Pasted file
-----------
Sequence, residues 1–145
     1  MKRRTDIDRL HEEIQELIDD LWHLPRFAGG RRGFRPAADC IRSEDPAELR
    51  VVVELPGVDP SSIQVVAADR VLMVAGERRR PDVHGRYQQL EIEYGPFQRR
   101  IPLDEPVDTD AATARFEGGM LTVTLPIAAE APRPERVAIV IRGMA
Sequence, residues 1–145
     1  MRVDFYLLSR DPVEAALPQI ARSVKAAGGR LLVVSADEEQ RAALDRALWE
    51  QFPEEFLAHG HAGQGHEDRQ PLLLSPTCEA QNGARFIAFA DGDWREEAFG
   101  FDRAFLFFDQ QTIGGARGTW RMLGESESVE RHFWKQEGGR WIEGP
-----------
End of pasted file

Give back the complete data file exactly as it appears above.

Sequence, residues 1–145
     1  MKRRTDIDRL HEEIQELIDD LWHLPRFAGG RRGFRPAADC IRSEDPAELR
    51  VVVELPGVDP SSIQVVAADR VLMVAGERRR PDVHGRYQQL EIEYGPFQRR
   101  IPLDEPVDTD AATARFEGGM LTVTLPIAAE APRPERVAIV IRGMA
Sequence, residues 1–145
     1  MRVDFYLLSR DPVEAALPQI ARSVKAAGGR LLVVSADEEQ RAALDRALWE
    51  QFPEEFLAHG HAGQGHEDRQ PLLLSPTCEA QNGARFIAFA DGDWREEAFG
   101  FDRAFLFFDQ QTIGGARGTW RMLGESESVE RHFWKQEGGR WIEGP